Creepy Crawlies, Alive and Dead, Crawl to Repticon FIRExpo 2022
By James Coulter
A cluster of toadstools grows atop a moss-covered turtle shell. The turtle doesn’t mind. It’s dead. A wild animal clenches another turtle in its saber-toothed jaw. This turtle also doesn’t mind. It’s also dead.
These morbidly-inciting sculptures were crafted by the artist solely known as the Articulate Reptile. As a biologist, they learned about skeletal articulation in graduate school. They wanted to use their knowledge for more than medical purposes. They were inspired to create art.
The Articulate Reptile creates their sculptures using the bones, carcasses, and other parts of recently deceased animals, mostly reptiles like lizards and turtles, that passed from natural causes. For the past three years, they have been showcasing their artwork at Repticon FIRExpo in Lakeland.
“This [art] is popular art among this crowd,” they said.“Whatever passes in my head, be it fantasy or pop culture, [I make it]…There is just the oddness of [the] medium, it lends itself to creative inspiration, especially when you mix it with other things. Bones are interesting to people.”
Once more, Repticon FIRExpo allowed reptiles of all shapes and sizes to crawl, slither, and scamper to the RP Funding Center in Lakeland. From the tiniest frog or lizard to the largest turtle or iguana, reptiles and their reptile-lovers were able to congregate and share their mutual love for all things creepy and crawly.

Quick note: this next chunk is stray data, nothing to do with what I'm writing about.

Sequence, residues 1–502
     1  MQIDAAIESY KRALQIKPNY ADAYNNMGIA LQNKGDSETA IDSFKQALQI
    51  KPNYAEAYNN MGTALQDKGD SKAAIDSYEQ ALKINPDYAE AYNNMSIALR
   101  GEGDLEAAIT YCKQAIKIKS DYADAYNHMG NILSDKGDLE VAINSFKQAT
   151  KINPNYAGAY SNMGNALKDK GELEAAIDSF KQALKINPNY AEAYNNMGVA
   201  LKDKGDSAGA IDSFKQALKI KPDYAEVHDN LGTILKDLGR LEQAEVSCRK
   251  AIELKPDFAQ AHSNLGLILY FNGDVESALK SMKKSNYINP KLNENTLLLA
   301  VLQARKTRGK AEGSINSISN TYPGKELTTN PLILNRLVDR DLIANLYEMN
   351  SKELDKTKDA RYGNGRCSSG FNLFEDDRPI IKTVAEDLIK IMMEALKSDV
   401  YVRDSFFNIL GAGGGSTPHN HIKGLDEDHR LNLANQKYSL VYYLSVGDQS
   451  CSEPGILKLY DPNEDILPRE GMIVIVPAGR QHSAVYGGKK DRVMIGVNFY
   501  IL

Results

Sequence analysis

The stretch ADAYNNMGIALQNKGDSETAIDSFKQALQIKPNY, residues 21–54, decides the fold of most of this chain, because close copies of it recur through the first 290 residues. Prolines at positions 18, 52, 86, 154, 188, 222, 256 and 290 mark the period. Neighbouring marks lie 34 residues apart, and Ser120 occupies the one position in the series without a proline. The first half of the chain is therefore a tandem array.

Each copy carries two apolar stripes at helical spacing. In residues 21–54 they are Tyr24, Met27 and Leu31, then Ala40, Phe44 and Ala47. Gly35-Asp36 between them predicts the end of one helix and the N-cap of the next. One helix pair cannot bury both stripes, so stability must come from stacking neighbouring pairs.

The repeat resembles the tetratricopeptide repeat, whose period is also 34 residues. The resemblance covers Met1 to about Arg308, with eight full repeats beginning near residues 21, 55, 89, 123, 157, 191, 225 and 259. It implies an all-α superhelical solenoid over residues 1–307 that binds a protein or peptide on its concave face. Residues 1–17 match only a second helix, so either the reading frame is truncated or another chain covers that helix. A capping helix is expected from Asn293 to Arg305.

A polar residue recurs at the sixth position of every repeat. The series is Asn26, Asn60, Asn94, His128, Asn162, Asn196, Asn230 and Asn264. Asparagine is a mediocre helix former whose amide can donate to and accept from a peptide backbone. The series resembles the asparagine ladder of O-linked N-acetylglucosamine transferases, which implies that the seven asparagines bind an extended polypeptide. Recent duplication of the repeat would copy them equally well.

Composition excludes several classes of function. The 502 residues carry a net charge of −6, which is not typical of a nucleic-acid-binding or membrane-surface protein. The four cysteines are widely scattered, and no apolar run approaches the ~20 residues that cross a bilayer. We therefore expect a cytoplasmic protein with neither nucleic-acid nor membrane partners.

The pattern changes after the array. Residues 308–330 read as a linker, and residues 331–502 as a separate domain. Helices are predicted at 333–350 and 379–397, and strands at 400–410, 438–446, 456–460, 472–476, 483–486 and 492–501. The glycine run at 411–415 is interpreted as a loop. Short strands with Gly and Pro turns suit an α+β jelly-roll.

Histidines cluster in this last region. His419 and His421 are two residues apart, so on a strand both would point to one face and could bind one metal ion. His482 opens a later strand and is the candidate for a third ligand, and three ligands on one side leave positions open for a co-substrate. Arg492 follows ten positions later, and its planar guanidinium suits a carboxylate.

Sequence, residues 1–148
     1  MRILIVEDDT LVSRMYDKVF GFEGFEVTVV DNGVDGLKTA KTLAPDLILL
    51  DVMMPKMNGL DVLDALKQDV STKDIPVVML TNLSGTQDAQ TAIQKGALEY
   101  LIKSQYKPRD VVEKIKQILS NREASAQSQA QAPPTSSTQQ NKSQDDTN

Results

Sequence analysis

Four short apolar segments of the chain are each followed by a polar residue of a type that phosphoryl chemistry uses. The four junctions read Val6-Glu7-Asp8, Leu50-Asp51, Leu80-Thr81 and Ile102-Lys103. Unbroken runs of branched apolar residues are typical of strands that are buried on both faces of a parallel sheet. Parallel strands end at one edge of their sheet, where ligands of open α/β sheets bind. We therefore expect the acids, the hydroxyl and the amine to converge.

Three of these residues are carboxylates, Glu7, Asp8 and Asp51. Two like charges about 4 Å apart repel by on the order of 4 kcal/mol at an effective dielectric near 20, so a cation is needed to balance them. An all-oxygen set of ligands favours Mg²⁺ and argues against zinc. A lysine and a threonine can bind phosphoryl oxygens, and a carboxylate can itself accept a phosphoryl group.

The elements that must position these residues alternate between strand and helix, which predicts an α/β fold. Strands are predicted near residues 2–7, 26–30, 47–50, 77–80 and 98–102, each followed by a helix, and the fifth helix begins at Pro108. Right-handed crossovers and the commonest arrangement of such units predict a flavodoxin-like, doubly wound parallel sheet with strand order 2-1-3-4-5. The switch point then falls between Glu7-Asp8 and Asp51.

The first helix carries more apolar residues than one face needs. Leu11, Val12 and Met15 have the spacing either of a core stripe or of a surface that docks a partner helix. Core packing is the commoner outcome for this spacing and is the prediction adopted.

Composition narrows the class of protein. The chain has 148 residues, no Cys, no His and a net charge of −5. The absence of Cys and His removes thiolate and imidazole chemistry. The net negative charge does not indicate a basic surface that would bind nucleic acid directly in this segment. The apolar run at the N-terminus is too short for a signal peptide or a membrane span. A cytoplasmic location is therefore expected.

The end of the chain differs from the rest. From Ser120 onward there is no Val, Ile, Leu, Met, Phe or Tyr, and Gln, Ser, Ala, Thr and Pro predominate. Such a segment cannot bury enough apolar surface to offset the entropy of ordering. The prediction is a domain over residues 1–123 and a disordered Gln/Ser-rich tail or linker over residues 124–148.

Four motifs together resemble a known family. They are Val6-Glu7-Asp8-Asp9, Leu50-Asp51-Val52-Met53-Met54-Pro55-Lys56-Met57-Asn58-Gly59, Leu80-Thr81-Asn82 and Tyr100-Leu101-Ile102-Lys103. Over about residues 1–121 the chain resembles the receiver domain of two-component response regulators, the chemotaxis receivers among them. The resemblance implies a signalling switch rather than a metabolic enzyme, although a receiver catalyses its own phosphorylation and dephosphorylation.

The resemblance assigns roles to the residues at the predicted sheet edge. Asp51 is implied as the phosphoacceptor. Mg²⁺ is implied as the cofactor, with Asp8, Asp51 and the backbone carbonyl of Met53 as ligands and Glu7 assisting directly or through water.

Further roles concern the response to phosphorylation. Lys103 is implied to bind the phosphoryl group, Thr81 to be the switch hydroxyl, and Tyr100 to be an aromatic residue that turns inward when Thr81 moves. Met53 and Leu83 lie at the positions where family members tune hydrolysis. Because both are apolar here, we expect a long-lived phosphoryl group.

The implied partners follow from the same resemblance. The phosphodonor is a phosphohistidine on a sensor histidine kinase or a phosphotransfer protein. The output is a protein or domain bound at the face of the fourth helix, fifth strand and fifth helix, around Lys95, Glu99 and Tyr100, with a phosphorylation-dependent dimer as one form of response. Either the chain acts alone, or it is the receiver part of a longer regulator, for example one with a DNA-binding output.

Repticon hosts various reptile conventions and expos throughout the southern United States. They started Repticon FIRExpo in Lakeland to help draw the crowd conveniently located between Orlando and Tampa. This year’s event was nearly sold out, explained manager Mike Dean.
“Lakeland has a big pool, a big reptile community here, so it is a good place for a show,” he explained. “Our big goal is getting the reptile community to different areas, somewhere people do not travel as far, but our big goal is to educate the public about animals, seeing some new and exciting things that you do not get to see every day.”
More than simply allowing reptile lovers to congregate with one another to buy pets and pet supplies, Repticon FIRExpoprovides an opportunity for people to become educated about reptiles and reptile ownership.
“I think we had a great turnout this year,” Dean said. “[There was] a lot of great guests and vendors. We were sold out this time…It was a bigger show this year. Our biggest goal is education…seeing all the different dealers and sellers and breeders, working with their topic of animals, is quite fascinating, [especially] learning from these guys.”
Since the event’s inception, Family Reptiles has served as themain sponsor. This year’s event proved especially phenomenal, not only because of the massive comeback following the pandemic, but also because this time of year is hatching season for reptiles. As such, plenty of newly-hatched lizards, frogs, and other reptiles were able to make their appearances at the expo, explained owner Scott Wisenski.
“After coming off of COVID, we are seeing a decent amount of people that are coming in, Wisenski said. “A lot of returning customers are here. Right now, we are in the middle of hatchling season, and so everyone’s babies are hatching, and so (what) is exciting this year is all of the new babies.”
For more information about Repticon, visit their website at: https://repticon.com/